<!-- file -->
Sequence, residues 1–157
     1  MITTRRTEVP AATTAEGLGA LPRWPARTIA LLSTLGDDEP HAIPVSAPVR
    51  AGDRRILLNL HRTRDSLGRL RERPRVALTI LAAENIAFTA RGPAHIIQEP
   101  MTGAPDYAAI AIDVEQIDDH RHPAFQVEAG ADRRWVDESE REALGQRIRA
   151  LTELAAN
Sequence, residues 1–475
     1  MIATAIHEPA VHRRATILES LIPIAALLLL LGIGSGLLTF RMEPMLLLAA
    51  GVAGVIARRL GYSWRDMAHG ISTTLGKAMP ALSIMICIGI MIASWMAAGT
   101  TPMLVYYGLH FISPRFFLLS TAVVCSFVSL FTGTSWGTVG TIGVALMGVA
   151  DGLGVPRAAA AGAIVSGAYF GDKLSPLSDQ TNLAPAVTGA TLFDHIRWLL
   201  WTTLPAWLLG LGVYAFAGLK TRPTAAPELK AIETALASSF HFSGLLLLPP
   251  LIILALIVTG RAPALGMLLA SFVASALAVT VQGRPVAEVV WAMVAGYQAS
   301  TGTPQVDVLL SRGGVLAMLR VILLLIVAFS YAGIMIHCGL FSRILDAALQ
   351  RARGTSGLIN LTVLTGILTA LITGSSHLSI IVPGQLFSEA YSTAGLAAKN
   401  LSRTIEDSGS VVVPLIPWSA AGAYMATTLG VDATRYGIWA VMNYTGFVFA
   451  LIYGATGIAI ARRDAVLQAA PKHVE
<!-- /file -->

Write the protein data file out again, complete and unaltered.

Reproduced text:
Sequence, residues 1–157
     1  MITTRRTEVP AATTAEGLGA LPRWPARTIA LLSTLGDDEP HAIPVSAPVR
    51  AGDRRILLNL HRTRDSLGRL RERPRVALTI LAAENIAFTA RGPAHIIQEP
   101  MTGAPDYAAI AIDVEQIDDH RHPAFQVEAG ADRRWVDESE REALGQRIRA
   151  LTELAAN
Sequence, residues 1–475
     1  MIATAIHEPA VHRRATILES LIPIAALLLL LGIGSGLLTF RMEPMLLLAA
    51  GVAGVIARRL GYSWRDMAHG ISTTLGKAMP ALSIMICIGI MIASWMAAGT
   101  TPMLVYYGLH FISPRFFLLS TAVVCSFVSL FTGTSWGTVG TIGVALMGVA
   151  DGLGVPRAAA AGAIVSGAYF GDKLSPLSDQ TNLAPAVTGA TLFDHIRWLL
   201  WTTLPAWLLG LGVYAFAGLK TRPTAAPELK AIETALASSF HFSGLLLLPP
   251  LIILALIVTG RAPALGMLLA SFVASALAVT VQGRPVAEVV WAMVAGYQAS
   301  TGTPQVDVLL SRGGVLAMLR VILLLIVAFS YAGIMIHCGL FSRILDAALQ
   351  RARGTSGLIN LTVLTGILTA LITGSSHLSI IVPGQLFSEA YSTAGLAAKN
   401  LSRTIEDSGS VVVPLIPWSA AGAYMATTLG VDATRYGIWA VMNYTGFVFA
   451  LIYGATGIAI ARRDAVLQAA PKHVE